Developing an Integrated Multi-modal Transportation Complex through Public-Private Collaborations

East Japan Railway Company
Published: 21 October 2020
Last edited: 11 November 2022
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Shinjuku is Japan’s largest business, culture, and entertainment center. A wide range of commercial activities and social services are essentially underpinned by Shinjuku Station -- the nation’s busiest transit hub with around 3.5 million daily passengers. In addition to urban and regional train services, many intercity bus lines in Shinjuku connect more than 300 cities and towns in 39 prefectures nationwide. Recently, the national government initiated the development of an integrated multimodal transportation complex combined together with the improvement of a pedestrian circulation system in collaboration with the private sector.  The entire project consists of three major capital improvements of the south exit of the Shinjuku Station area: building Shinjuku Expressway Bus Terminal (Busta Shinjuku), widening sidewalks, and constructing an underground passage.


East Asia
Scale of implementation
Area-wide development
Buildings and facilities
Connective infrastructure, networks and corridors
Green roofs / Green walls
Urban ecosystem and build environment
Other theme
Public transport
Urban and Disaster Risk Management
City management, governance and finance
Sustainable urban infrastructure and services
Territorial and spatial development
Lack of technical capacity
Lack of infrastructure
Sustainable development goals
SDG 11 – Sustainable cities and communities
SDG 17 – Partnerships for the goals
Aichi targets
Target 8: Pollution reduced
Target 20: Mobilizing resources from all sources


Shinjuku, Tokyo, Tokyo Prefecture, Japan


Nineteen independent bus stops were inconveniently scattered around the railway station and were not well aligned for transfers to and from other travel modes. Additionally, there was no public plaza in front of the south exit of the station so a large volume of passengers had to make a stressful, unsafe walk through narrow sidewalks and crossings over an old road bridge. Unquestionably, there was an imminent need for major capital improvement due to increased traffic volumes, outdated road facilities, and worsening pedestrian amenities around the station.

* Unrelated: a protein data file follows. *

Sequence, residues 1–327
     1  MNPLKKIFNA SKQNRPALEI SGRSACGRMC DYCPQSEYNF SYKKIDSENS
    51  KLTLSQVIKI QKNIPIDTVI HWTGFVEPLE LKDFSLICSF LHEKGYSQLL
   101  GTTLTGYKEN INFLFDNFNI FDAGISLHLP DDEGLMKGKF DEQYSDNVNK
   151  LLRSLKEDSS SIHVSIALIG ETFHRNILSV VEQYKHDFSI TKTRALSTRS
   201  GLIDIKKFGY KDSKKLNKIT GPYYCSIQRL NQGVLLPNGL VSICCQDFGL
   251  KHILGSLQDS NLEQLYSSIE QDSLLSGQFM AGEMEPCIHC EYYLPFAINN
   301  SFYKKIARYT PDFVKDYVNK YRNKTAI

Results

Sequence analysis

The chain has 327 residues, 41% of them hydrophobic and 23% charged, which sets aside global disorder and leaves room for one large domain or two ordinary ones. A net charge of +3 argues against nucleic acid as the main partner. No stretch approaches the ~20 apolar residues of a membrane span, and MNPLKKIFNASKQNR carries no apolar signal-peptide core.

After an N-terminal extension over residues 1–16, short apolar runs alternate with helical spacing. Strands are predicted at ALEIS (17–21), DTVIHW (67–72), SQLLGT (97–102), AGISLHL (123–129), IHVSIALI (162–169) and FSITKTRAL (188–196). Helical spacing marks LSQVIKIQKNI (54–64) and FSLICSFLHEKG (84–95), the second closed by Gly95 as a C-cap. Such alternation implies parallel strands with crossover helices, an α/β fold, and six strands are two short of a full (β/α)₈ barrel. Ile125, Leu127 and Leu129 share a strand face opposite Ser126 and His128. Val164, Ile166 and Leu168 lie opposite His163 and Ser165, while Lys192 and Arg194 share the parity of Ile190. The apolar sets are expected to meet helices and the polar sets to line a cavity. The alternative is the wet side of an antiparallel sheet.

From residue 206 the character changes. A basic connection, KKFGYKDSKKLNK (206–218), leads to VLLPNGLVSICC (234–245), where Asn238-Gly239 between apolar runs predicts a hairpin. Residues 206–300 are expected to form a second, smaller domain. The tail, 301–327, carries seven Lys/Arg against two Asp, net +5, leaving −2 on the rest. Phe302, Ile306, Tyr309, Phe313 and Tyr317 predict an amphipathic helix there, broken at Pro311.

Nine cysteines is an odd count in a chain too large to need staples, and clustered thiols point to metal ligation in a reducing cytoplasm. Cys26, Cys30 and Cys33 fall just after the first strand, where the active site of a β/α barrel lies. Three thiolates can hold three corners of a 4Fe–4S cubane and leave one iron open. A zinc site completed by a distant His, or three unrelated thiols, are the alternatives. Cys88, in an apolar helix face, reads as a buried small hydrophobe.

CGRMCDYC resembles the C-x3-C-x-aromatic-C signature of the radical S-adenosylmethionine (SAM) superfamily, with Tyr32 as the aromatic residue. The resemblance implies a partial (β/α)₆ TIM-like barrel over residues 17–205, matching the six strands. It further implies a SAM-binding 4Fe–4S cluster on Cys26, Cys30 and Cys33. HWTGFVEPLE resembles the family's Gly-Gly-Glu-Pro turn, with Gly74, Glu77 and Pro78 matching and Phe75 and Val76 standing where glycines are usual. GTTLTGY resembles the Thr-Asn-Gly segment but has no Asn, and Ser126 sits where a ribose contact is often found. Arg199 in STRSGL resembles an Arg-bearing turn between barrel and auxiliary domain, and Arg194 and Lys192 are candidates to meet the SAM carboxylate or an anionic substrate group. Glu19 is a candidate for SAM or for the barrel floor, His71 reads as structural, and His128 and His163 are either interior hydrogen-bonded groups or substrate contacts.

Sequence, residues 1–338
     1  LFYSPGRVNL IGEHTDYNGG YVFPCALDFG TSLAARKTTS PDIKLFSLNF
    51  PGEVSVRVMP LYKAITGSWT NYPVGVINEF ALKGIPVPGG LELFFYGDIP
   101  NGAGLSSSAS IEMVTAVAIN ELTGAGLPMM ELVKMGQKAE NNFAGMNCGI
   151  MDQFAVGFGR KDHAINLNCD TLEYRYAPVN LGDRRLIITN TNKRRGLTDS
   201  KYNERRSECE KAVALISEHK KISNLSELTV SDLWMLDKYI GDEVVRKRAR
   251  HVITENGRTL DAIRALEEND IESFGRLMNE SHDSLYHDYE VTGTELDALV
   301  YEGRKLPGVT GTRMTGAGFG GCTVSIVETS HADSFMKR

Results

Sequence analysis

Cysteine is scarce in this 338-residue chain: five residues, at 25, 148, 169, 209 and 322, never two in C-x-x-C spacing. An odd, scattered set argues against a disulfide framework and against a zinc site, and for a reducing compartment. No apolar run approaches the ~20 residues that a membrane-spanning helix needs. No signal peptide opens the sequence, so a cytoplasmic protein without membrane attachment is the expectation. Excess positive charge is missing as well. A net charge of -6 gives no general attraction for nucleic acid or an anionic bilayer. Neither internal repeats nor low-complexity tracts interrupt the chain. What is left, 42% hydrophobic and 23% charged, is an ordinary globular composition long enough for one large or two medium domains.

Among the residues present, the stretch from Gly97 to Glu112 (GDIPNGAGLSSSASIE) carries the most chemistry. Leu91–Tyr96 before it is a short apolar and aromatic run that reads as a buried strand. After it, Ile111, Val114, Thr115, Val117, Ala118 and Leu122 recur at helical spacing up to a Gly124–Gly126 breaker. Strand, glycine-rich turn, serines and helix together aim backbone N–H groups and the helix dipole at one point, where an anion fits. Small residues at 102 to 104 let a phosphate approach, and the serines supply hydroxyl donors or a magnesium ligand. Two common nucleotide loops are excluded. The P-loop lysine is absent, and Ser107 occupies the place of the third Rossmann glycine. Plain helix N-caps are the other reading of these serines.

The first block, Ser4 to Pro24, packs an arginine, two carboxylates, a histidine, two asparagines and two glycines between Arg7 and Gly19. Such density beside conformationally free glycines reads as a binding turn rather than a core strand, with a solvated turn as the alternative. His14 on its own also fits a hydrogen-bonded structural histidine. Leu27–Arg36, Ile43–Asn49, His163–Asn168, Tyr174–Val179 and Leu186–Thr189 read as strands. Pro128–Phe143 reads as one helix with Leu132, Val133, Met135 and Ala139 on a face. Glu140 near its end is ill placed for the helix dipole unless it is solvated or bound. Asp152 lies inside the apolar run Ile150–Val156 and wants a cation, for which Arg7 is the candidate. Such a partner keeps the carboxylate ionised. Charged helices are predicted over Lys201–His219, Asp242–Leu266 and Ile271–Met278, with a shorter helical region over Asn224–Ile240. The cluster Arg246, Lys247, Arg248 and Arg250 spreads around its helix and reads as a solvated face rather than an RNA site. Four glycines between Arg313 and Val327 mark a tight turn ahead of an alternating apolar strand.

• Public transit passengers, tourists, and pedestrians around Shinjuku Station
  • Residents and business operators of Shinjuku Ward
  • Bus, railway and taxi operators

How do the building blocks interact?

Bus transit is a vital mode to establish an economically efficient and socially affordable multi-transportation system in both developed and developing countries. However, there can be several negative images with bus transit, such as inconvenient intermodal transfer, uncomfortable waiting space, street congestion, and unreliable operation, and these often prevent travellers from enjoying bus services. The building blocks present the application of modern terminal development led by public to improve the quality of bus services and reproduce safe and pleasant built environments in busy commercial districts.


Economic Impact: The improved transit services and reduced travel costs attract more international and domestic visitors to Shinjuku’s office and retail districts. More frequent and smooth face-to-face meetings are likely to increase Shinjuku’s business opportunities and productivity. The tourist, passenger, and pedestrian flows improved and increased by the project are also likely to boost service consumption and merchandise sales in the new shopping mall and existing retail streets around Busta Shinjuku and Shinjuku Station.